Sow and Litter Performance for Individual Crate and Group Hoop Barn Gestation Housing Systems: Progress Report III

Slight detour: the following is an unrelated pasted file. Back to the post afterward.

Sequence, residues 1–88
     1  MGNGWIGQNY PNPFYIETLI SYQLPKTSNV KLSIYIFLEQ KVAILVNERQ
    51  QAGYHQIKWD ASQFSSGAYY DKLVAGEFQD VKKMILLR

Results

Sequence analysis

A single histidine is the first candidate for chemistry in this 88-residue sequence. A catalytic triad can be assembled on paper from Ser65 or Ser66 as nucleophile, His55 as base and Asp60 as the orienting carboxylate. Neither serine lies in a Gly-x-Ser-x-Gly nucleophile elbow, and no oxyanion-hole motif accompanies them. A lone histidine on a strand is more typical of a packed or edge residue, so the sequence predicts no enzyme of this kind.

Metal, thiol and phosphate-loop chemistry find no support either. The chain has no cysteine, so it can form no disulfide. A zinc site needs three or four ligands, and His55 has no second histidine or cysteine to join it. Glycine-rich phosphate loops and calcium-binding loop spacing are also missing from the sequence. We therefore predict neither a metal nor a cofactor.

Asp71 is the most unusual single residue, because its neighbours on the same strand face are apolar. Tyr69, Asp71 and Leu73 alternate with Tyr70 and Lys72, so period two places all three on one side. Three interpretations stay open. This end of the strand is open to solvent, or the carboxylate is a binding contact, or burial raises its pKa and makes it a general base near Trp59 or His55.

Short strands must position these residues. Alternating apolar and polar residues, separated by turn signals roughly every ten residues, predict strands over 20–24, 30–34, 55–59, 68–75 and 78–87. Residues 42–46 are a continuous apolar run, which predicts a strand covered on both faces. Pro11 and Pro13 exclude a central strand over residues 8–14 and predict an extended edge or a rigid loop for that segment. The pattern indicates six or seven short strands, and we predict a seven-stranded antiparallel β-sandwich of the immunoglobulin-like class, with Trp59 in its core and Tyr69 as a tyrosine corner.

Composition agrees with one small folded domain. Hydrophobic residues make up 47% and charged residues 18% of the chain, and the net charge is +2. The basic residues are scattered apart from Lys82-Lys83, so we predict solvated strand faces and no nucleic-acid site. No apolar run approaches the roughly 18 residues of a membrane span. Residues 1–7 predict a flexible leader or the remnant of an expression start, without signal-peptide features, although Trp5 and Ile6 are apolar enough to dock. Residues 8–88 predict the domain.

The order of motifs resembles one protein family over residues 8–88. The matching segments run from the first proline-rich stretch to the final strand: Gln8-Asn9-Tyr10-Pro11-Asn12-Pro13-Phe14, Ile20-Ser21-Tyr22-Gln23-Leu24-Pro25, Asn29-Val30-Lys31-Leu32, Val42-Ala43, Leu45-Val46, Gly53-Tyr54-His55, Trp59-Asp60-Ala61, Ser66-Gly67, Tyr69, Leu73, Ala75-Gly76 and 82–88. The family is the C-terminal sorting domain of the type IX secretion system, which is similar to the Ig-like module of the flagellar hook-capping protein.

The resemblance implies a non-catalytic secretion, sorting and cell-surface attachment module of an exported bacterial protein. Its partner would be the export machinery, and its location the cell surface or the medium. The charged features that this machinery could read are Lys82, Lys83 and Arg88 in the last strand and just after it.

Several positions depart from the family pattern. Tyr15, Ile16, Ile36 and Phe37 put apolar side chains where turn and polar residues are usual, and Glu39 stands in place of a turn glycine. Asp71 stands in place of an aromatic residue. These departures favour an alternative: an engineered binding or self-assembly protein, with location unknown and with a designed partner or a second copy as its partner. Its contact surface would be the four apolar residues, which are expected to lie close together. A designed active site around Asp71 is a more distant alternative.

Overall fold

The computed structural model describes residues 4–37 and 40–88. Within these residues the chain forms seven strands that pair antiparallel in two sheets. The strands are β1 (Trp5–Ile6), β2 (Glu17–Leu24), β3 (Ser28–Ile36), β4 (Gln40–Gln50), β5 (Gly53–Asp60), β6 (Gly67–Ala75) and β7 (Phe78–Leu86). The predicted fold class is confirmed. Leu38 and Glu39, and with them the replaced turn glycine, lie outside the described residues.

Iowa State University Animal Industry Report 2006. The effects of gestation system on sow and litter performance over a 2.5 year period were evaluated at the Iowa State University Lauren Christian Swine Research and Demonstration Farm near Atlantic, IA. Gestation housing system treatments were 1) individual gestation crates in a mechanically ventilated, partially slatted floor manure flush confinement building (C); and 2) group pens with individual feed stalls in deep-bedded, naturally ventilated hoop barns (H). Sows were artificially inseminated in a mechanically ventilated, partially slatted floor confinement breeding barn. Sows were moved as a group to their assigned gestation housing treatment by the ninth day post-weaning. Sows were randomly assigned to gestation housing treatment when the project commenced. All first parity gilts were gestated in individual crates and randomly assigned to a gestation group after breeding for the second parity. Farrowing occurred throughout the year on a bi-weekly schedule. All sows received 2.04 kg per day of a corn-soybean meal diet. During the last trimester of gestation, feed allowance was increased to 2.72 kg. During the winter H sows were fed 25% more feed and C sows were fed 5% more feed. Reproductive performance was summarized for 957 litters and analyzed using general linear models. Number born alive per litter was different for the two housing treatments (P<0.001) with H resulting in 0.8 more pigs born per litter. Parity differences were also noted (P<0.01), however there was no interaction between parity and treatment (P>0.1). H sows also weaned 0.4 pigs more per litter (P<0.01). Pre-wean mortality rates did not differ (P=0.58) between the two gestation housing treatments. Cross fostering occurred to approximately equalize litter size within a farrowing room. The effects of parity, farrowing season (quarterly), pig birth weight, and lactation length on pre-wean mortality were significant (P<0.01). There was a trend for C sows to have a 1-day shorter wean-to-conception interval (P=0.07). Farrowing rates for the two treatments were not different (P=.66). There was an interaction (P<0.1) between breeding season (quarterly) and treatment with H sows bred in summer and C sows bred in autumn having the lowest farrowing rate. There was no correlation between treatment and reason for culling (P>0.1). Failure to conceive was the leading reason for culling in both treatments. There was a trend for sows gestated in C to be culled for feet and leg unsoundness. H sows tended to be culled for poor body condition. Results indicate that gestating sows can be housed in deep-bedded hoop barns equipped with individual feeding stalls and achieve results comparable or superior to gestating sows housed in individual crated gestation systems.